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Catholic education in a secular culture

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 Contents - Sep 2006AD2000 September 2006 - Buy a copy now
Editorial: 2006 Fighting Fund launched - Peter Westmore
Conscience: AD2000 interviews Cardinal Pell - Cardinal George Pell
USA: Liberal Christianity goes into meltdown - Charlotte Allen
News: The Church Around the World
Chavagnes: Catholic education in a secular culture - Alexander Morrison
History: The Counter Reformation and the Jesuits - John Morrissey
Family in Society: Asian and Australian families face similar challenges - Leslie Sammut
Clergy: ACCC Annual Conference focuses on theology of Benedict XVI - AD2000 Report
Letters: Thomas Groome (letter) - C. Hungerford-Morgan
Letters: Baptism - Mark Moriarty
Letters: Correction to last month's reflection on Baptism - John Young
Letters: Communism - Frank Bellet
Letters: African pen-friend - Fr Vincent Kajoba
Letters: Safe Sex? - Arnold Jago
Letters: Judicial activism - Henk Verheven
Letters: Stolen faith - Marie Adamo
Letters: Helping the Carmelites - Beth Burns
Letters: Thank-you note - A. van Tilburg
Poetry: The Touch of the Master's Hand - Myra Welch
Books: William Bernard Ullathorne: A Different Kind of Monk, by Judith Champ - Michael Gilchrist (reviewer)
Books: Advancing the Culture of Death, by Peter Hung Manh Tran - Peter Westmore (reviewer)
Books: Why Must I Suffer? by Fr F.J. Remler CM - Jacinta Cummins (reviewer)
Books: Stimulating reading from Freedom Publishing
Reflection: Cardinal Arinze on the need for Eucharistic reverence - Cardinal Francis Arinze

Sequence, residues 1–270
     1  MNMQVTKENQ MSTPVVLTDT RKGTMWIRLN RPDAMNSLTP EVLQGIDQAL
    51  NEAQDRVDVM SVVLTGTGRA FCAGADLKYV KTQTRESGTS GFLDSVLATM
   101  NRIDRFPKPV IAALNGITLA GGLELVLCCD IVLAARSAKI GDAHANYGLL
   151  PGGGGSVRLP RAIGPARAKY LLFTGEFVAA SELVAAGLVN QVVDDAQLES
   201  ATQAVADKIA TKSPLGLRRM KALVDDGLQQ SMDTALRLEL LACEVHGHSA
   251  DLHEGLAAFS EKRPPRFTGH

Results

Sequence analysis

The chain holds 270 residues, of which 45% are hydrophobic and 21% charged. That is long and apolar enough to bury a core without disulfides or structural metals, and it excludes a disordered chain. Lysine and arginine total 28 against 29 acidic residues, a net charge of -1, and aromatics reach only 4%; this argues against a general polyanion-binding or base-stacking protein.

Alexander Morrison is an English student who attended Chavagnes International College in France for three years. In 2006 he was accepted for admission to Oxford University. Here he reflects on the education he received at Chavagnes and the kind of counter-cultural education that is needed at Catholic schools today in secular cultures.

Many Catholic parents and teachers, now more than ever, realise that living and passing on the faith is essentially counter-cultural. The present climate of secularism and individualism rejects nearly all that Christianity stands for, meaning that those whose faith is unstable face many new and unexpected perils.

In recent times Catholic education has often been prey to unhelpful and dangerous influences, both from within the Catholic community - from those who seek to pass on their own version of the Church's teachings - as well as from without, as we know.

It can do no harm to consider how a more radical approach to teaching the faith in such a climate might bring more success. The result could be many souls won for Christ and the return of many to the Church and the practice of their faith.

When I left my native England in 2002 at the age of sixteen to become a founder pupil of Chavagnes International College (near Nantes, France), I was fortunate to have had a good Catholic upbringing. I grew up in a family that attended Mass more times in a week than it watched television, I served Mass as a boy, and was sent to local Catholic schools.

I did not have anything in particular to complain about, and yet in choosing to finish my secondary education at Chavagnes, I recognised that I was embarking on a whole new adventure into culture, history and the faith, one that I needed more than I knew.

Being faithful to Christ in today's society is not easy. Our faith is constantly challenging us to reject evil and do good, to love our enemies, to overcome our human weaknesses, in short, to follow the Gospel of Christ and not the false attractions of the world.

As a young student, going to school at Chavagnes was a perfect chance to take up these challenges with courage, at the same time as I was excitedly facing the challenges of my academic formation.

I found that both the College's community atmosphere and its timetable, which balances religious, academic, cultural and recreational elements so well, helped enormously. A sense of school routine was replaced with a "way of life". Although I am now a student at university in the "big bad world", much of this has stayed with me and continues to provide a focus, prompting me to be a Catholic in the world as well as in some respects against the world.